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Discussion in '2008 Archive' started by dragonfly, May 23, 2008.
Well, I still love my Jeep. :wavey:
SUVs, in one form or another, are here to stay.
I believe that the sooner we dispense with unnecessarily large and gas-ineffecient vehicles, the better. For the Christian, such luxuries are extremely questionable for a number of reasons. They are more damaging to the environment (which, lest we forget, is God's great and wonderful handiwork) and they represent a questionable way to spend money in such a needy world.
In any event, it seems that economics may settle the matter for us.
With that line of reasoning, then, we would have to say that all automobiles are luxuries, not just SUVs, so let's all go back to horse and buggy days. It is a very BIG misconception to assume that because someone has an SUV they are doing it for luxury or because they want to contaminate the environment.
This is not at all where my argument leads.
Of course, I am not suggesting that we return to horse and buggy. For the obedient Christian, the imperative to care for the environment and be responsible with our money will lead away from the purchase of luxury cars.
In the majority of cases, an SUV is a luxury that needlessly damages the environment and the money can be better spent. We arguably need cars, but we should be buying gas-efficient versions.
We play games with ourselves if we think SUV's are not a luxury (in the majority of cases).
Here's a list of hybrid sedan prices - we prefer to pay off our SUV $9000 balance than going into more than double the debt for a new hybrid, even at today's gas prices (it's called being a good Christian steward of our money) .
There are indeed legitimate trade-offs that need to be made. But let there be no mistake - if all other things are equal, buying an SUV is not the ideal decision for a Christian.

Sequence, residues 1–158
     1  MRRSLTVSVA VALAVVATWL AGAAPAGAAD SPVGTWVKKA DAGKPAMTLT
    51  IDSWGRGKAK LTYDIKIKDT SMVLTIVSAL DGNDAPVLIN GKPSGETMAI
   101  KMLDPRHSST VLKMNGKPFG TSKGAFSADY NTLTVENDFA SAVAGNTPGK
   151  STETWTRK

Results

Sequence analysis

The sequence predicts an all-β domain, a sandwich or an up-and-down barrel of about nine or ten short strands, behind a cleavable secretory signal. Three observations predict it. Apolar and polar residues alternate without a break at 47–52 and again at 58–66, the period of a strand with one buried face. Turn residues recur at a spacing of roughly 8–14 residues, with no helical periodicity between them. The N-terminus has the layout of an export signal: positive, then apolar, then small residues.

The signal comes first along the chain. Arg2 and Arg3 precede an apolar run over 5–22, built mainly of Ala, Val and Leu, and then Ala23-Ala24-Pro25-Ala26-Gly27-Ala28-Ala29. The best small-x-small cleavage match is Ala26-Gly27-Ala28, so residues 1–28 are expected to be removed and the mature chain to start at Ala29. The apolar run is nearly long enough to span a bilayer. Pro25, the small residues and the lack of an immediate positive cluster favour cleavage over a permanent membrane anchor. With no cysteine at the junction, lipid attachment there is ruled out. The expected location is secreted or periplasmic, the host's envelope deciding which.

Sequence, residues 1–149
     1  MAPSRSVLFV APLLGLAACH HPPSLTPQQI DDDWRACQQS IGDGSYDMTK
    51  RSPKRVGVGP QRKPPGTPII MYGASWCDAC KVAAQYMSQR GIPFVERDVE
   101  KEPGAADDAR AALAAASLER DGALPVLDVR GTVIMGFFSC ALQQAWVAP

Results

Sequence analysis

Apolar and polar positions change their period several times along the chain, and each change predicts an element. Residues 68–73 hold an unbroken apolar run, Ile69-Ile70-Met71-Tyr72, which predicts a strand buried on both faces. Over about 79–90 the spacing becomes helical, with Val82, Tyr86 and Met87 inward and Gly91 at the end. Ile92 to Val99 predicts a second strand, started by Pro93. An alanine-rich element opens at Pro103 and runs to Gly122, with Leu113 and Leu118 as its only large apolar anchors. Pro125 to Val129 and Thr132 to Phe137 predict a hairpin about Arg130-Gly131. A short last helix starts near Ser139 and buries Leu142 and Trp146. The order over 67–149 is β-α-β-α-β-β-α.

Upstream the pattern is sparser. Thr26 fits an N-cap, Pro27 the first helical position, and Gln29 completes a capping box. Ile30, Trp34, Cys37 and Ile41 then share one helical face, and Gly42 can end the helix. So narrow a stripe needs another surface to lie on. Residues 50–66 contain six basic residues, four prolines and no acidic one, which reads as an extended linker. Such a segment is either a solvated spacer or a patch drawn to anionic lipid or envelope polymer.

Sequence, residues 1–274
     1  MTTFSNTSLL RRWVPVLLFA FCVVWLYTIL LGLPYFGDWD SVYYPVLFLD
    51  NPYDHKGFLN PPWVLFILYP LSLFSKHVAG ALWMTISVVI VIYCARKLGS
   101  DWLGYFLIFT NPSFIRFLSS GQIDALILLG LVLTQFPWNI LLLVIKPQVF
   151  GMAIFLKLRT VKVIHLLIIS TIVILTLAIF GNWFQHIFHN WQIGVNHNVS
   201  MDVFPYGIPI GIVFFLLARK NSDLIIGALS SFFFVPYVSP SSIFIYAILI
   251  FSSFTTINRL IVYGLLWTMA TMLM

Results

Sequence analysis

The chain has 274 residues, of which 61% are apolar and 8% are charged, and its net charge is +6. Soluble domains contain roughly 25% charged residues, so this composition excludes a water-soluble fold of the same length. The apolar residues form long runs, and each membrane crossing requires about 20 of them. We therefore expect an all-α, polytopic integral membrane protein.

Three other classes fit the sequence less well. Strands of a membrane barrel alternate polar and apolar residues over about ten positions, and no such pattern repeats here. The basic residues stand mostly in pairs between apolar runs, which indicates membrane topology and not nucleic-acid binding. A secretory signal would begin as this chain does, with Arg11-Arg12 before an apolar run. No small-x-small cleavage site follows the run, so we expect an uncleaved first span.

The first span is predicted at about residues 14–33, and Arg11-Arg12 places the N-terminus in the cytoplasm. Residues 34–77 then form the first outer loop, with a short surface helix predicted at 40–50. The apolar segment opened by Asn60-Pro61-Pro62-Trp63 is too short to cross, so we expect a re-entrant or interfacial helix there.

In your opinion, of course.
1. The ecosystem is God's good creation that He will redeem - we damage it needlessly at the risk of judgement;
2. SUVs in most cases exceed the real needs of the buyer;
3. SUVs, by virtue of their increased consumption of gas contribute to environmental problems;
4. The extra money we spend on an SUV could be put to better uses for the Kingdom.
CO2 is indeed "natural". But so is salt. Does that mean we can pack salt into our bodies willy-nilly without damaging them? Of course not. Do not be deceived by the above - technically CO2 is not "smog". But too much of it released into our atmosphere is not good.
There is no doubt - pumping excessive CO2 into our environment will damage it.
Another misleading statement. The fact that SUVs might pollute less (and be more efficient) than cars from 20 years ago does not mean that they are a responsible choice today. Today, the Christian has the option of buying a more fuel-efficient car than an SUV and it will pollute less. True, cost is a factor and I have no issue with the Christian who is economically "forced" into the less environmentally friendly choice.
I have no problem with a Christian or anyone who buys an SUV for economics or any other reasons.
With 1.3 billion people, the People's Republic of China is the world's most populous country and the second largest oil consumer, behind the U.S. In recent years, China has been undergoing a process of industrialization and is one of the fastest growing economies in the world. With real gross domestic product growing at a rate of 8-10% a year, China's need for energy is projected to increase by 150 percent by 2020. to sustain its growth China requires increasing amounts of oil. Its oil consumption grows by 7.5% per year, seven times faster than the U.S.'
There is more to the issue than Americans who drive SUVs.
And the "Issue" has no effect on the environment.
That's what I tried to point out with documentation. Oh, well. :BangHead:
Most SUVs are not "large" and get close to 25 mpg.
The "large" ones are here to stay as well. In perhaps smaller numbers.
You can't stop sermonizing with documentation and silly things like facts.
You're gonna get the sermon whether you like it or not. The subject doesn't matter nearly as much as delivering the sermon, to the sermonizer.
It's a self agrandizing compulsion.
I don't think there is anything wrong with owning a SUV, although I don't own one. I prefer small cars, but if someone is willing to pay the price and the gasoline they can buy whatever they want. I like sport cars, which I cannot afford, but if I could...
Priesthood of the believer trumps one's opinions imposed. You're making blanket statements that leave out contingencies, that aren't in the "real world" often times, and are based on junk science.